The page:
MESA, Ariz. -- The Chicago Cubs are teaming up with Northwestern's Kellogg School of Management to conduct a survey involving kids' experiences at Wrigley Field, asking selected fans to help provide the "right opportunities for your kids to connect with the team and grow as the next generation" of fans.
The business operations department has sought input from fans about their 99-year-old ballpark. Despite continued political squabbling, it's expected to go through a major nip 'n' tuck operation when the $300 million renovation plan gets underway.
"We've done a couple things just with trying to get better research on our fans, and just being smarter about what our fans want," Cubs senior marketing director Alison Miller said. "We've done a lot of focus groups in the last couple of months."
Among the kid-friendly topics fans were asked about were batting cages and radar gun zones, kids apps for smartphones and tablets, a kids section, a new Cubs song and "interaction with a mascot."
A mascot at Wrigley Field? In the ballpark that still boos the Wave?
It may sound like heresy to some, but Darwin Barney is intrigued.
"What would it be?" he asked. "A Cub? A Bear? I think it could go either way. There's something fun about having that at the ballpark during the game. Especially with just organ music, there's not much to keep fans into the games at time.
"Incorporating something like that wouldn't hurt. But it's not a dire need."
The Cubs are one of only a few teams that eschew the marketing ploy, joining traditionalists such as the Yankees, Dodgers and Angels. The idea of a mascot brought pitcher Jeff Samardzija back to his days as a minor league pitcher at Class-A Daytona, where he said fans, players and vendors abused the Cubs mascot on a near daily basis.
"That didn't go over too well," Samardzija said.
But would it work at Wrigley?
"Probably not," he replied. "People aren't going to go to Wrigley Field and want to see a mascot. There are other things people want to see."
Samardzija wasn't just talking about baseball.
Other Chicago teams have mascots without an uproar, including Stanley the Hawk, Benny the Bull and Southpaw, a second generation White Sox mascot that followed in the furry footsteps of the much-reviled Ribbie and Roobarb from the 1980s.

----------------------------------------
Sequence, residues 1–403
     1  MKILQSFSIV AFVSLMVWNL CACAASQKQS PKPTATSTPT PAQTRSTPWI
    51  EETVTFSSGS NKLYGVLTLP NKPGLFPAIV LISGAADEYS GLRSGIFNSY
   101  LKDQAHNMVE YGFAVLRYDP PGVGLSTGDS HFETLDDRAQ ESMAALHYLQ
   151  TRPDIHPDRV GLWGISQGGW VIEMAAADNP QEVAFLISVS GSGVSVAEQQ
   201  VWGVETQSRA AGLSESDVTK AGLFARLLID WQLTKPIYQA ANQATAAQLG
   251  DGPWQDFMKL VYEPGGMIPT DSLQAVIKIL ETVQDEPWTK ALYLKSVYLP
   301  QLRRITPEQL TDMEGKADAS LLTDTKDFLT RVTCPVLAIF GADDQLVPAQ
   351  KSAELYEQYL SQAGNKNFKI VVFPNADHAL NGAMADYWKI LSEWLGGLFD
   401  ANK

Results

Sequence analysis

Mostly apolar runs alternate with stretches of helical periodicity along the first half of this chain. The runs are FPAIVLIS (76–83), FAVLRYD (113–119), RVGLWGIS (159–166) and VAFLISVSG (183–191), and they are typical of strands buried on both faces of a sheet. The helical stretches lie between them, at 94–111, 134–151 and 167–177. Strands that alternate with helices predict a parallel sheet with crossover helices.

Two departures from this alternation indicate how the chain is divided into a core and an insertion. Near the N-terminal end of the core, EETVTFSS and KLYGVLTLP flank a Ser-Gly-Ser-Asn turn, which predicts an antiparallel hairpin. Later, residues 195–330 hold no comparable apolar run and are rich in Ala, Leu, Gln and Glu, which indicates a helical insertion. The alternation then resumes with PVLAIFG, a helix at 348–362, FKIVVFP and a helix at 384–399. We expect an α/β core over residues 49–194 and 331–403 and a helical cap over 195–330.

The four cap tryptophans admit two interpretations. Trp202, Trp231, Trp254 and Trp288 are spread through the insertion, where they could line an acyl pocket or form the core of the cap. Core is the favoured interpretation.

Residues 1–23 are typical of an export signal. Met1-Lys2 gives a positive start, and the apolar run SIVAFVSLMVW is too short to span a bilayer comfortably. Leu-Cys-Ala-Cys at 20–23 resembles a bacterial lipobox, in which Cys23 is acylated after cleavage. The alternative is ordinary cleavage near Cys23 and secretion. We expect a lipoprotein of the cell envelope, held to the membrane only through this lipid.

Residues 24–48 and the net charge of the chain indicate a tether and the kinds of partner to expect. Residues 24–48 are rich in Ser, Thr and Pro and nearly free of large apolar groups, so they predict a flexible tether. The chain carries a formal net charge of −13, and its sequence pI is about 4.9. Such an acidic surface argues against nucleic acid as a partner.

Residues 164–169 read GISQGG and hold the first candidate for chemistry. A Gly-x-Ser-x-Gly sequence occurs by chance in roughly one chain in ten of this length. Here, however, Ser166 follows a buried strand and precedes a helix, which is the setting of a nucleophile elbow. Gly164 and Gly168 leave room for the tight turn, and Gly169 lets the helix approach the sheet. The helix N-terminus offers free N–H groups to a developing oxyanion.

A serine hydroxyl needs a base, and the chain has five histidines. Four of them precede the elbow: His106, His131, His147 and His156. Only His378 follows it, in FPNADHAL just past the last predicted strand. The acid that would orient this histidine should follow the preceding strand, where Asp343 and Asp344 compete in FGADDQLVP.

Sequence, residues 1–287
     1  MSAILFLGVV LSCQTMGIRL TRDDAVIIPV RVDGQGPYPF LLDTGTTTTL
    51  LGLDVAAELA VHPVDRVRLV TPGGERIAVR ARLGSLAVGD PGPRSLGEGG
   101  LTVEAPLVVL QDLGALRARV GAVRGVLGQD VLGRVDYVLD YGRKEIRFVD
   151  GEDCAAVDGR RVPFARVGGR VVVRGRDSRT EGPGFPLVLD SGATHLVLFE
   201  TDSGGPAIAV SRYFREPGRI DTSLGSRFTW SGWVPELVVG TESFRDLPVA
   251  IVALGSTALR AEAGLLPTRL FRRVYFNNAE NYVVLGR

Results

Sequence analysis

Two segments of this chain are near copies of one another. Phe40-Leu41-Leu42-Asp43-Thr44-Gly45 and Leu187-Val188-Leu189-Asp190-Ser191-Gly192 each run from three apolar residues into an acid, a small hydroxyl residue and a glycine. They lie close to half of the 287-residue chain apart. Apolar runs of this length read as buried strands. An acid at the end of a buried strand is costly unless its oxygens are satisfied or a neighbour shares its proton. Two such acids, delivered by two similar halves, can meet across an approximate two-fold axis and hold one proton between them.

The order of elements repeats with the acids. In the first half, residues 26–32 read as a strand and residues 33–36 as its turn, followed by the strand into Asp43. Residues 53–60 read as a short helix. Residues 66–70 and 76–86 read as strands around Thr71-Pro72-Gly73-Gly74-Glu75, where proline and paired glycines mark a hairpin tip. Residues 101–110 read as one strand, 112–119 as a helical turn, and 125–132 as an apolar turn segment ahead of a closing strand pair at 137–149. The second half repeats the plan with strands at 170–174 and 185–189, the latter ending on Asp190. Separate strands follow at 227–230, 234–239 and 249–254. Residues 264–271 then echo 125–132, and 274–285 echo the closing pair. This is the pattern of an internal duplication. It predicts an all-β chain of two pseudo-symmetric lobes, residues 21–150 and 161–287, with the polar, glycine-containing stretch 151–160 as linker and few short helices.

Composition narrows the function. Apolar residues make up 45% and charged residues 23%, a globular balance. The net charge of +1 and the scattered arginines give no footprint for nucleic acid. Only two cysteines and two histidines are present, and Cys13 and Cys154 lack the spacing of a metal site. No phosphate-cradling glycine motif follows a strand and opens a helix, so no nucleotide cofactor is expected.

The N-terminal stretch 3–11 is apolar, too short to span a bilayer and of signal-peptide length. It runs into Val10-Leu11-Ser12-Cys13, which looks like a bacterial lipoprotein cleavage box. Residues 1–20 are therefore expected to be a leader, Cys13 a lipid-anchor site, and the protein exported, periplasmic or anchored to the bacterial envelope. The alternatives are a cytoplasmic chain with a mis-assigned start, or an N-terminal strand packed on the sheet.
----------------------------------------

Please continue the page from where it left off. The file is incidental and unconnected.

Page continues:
It took some time for the South Side to accept mascots existed, and Sox fans weren't ready for one in the Disco era. When the White Sox banned longtime, self-appointed mascot Andrew Rozdilsky, aka, "Andy the Clown" from performing in old Comiskey Park to accommodate the new mascots, local sportscaster Al Lerner repeatedly railed against Sox management.
The outcry eventually forced the return of Rozdilsky and his signature cheer, albeit in selected areas of the ballpark, far away from the mascots.
Traditions vary from place to place. Boston, where the Cubs get most of their marketing ideas -- not to mention President Theo Epstein and his cast of Red Sox refugees -- introduced Wally the Green Monster to tepid reviews in 1997. But the mascot is still around, and Fenway Park is more iconic than ever.
So are the Cubs in danger of becoming a generic entertainment product wrapped in a cozy, neighborhood setting, or should they simply adapt to the times?
"The tradition is in the organization already as it is," Barney said. "You look at what the Red Sox did with their stadium and just the whole experience of going to Fenway. It hasn't been tarnished it at all. It's still a special place to go, and Wrigley will be a special place to go no matter what you do.
"Whether there's a mascot or music or whatever, it's not going to change the fact you're looking at the ivy, you're looking at the Chicago Cubs on the field. Anything to make the experience better, go for it."
Samardzija is more old school than Barney. He believes the Wrigley experience doesn't need much fine-tuning.
"The tradition is in coming to the game at Wrigley Field with your family, your friends," he said. "Traditions are great, but it's being somewhere you really love. They have modernized Notre Dame Stadium, but inside it feels the same."
All the marketing ideas in the world, whether new or borrowed, won't mean a thing if the Cubs continue to flounder on the field.
But even the young players know who the real star is.
"I feel like Wrigley will sell itself," Anthony Rizzo said. "It's just such a beautiful park."
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